Friday, 22 June 2012

Why the PSE is goingn higher

John Mangun

Before any politician steps in to claim the credit, I am officially taking responsibly for the accomplishment of the Philippine Stock Exchange (PSE) going up during the next months.

I am, however, willing to share the recognition of this achievement with you and everyone else who is a stock-market investor because it is our money, not the governments’ nor the politicians, which will push prices higher.

Prices go up, not because of political policies or programs, and most certainly not due to politicians’ speeches. Stock prices advance because you and I firmly believe we can make money buying shares.

The stock market is the ultimate self-fulfilling prophecy. I think prices are going up. I buy. Because of my buying, prices go up. It’s magic!

There is an old stock market saying that when everyone is buying, you want to be selling. That is true. But very rarely does “everyone” buy or sell at the same time. What you want is to be doing what the majority of investors are doing. Right now, most investors are buying. When most investors are selling, I will sell also because the majority is the boss in moving prices.

As I have said many times, the peso is going to continue to appreciate. That is the first reason why the market is going up. Foreigners like to invest in countries’ stock markets where the currency is appreciating. Their investment gains from the stock price going higher and from the currency going higher. For local investors, as I mentioned before, if my gasoline and other imported products’ costs are lower because of a stronger peso, there is more money to put into the market. Also, many local companies’ raw material and capital costs will be lowered thus making them more profitable.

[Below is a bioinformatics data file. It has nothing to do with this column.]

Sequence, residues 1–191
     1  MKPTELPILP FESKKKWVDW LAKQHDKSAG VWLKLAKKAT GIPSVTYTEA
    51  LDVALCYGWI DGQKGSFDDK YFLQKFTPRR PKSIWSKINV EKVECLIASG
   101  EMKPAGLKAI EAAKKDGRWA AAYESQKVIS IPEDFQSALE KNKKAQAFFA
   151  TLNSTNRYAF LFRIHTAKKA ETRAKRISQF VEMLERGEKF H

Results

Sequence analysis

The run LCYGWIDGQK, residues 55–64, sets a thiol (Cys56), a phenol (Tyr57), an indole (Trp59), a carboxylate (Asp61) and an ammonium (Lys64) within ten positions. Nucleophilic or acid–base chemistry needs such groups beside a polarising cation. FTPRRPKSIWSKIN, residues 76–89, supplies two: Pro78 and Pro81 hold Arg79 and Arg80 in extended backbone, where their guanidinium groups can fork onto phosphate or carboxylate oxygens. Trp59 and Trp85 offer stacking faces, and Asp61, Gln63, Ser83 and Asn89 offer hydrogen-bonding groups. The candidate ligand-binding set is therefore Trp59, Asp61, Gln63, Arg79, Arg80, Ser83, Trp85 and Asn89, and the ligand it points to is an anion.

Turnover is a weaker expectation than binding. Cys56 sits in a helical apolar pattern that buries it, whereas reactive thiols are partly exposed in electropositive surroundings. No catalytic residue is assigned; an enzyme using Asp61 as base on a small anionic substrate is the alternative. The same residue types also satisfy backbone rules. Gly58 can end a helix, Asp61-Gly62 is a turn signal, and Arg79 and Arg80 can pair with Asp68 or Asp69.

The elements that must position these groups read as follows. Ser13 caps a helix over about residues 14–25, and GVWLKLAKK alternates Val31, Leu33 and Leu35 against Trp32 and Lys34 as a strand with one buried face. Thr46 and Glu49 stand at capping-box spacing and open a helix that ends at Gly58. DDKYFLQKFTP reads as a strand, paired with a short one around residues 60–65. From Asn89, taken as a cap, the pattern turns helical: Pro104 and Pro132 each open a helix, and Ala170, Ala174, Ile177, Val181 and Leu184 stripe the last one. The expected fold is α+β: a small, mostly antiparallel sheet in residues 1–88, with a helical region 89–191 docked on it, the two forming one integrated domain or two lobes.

The Bangko Sentral ng Pilipinas cannot hold the peso back from market appreciation without suffering large foreign-currency losses. The appreciating trend is in place and that will move stock prices favorably.

The idea that the local market is expensive in relation to other regional markets is not entirely valid. Using a Price Earnings Ratio (PER), our market is higher. However, a more accurate reflection of relative value is PEG or Price to Earnings Growth. This measures the growth of company profits against price. Here the Philippines is better than the others and therefore allows for additional longer term price appreciation. PER is a snapshot; PEG shows the profit trend and forecasts future price potential. PHL wins.

The government’s expectation of getting a higher credit rating soon is wishful thinking. The global financial institutions have no intention of letting this happen. They want to buy as much the PHL government debt at the current higher interest rates. They will hold off a ratings change as long as possible.

When the higher rating comes through, their holdings of government debt paper will be worth more and they will have locked in a high interest rate. In fact, if you have long-term cash holdings that you do not need to touch, buy the PHL government 10-year bonds. You will be happy you did.

However, that credit-rating increase will come in early to mid 2013. All PHL interest rates will go lower and will create more cash in the system, a portion of which will go to stock market purchases, pushing prices higher. Real estate sales will also benefit from lower interest rates and help push up the price of the property companies listed on the PSE.

Major listed companies in the Philippines have two strong financial advantages that will show up in higher stock prices. Unlike in the West, our corporations have cash and also available credit. Quietly, many local firms are forming joint ventures with and even buying financially distressed Western firms. The government may not know how to take advantage of the global financial crisis but local companies do know how. These companies are gaining markets and profits at the same time.

Buy the peso. Buy the PSE. Both are going higher.

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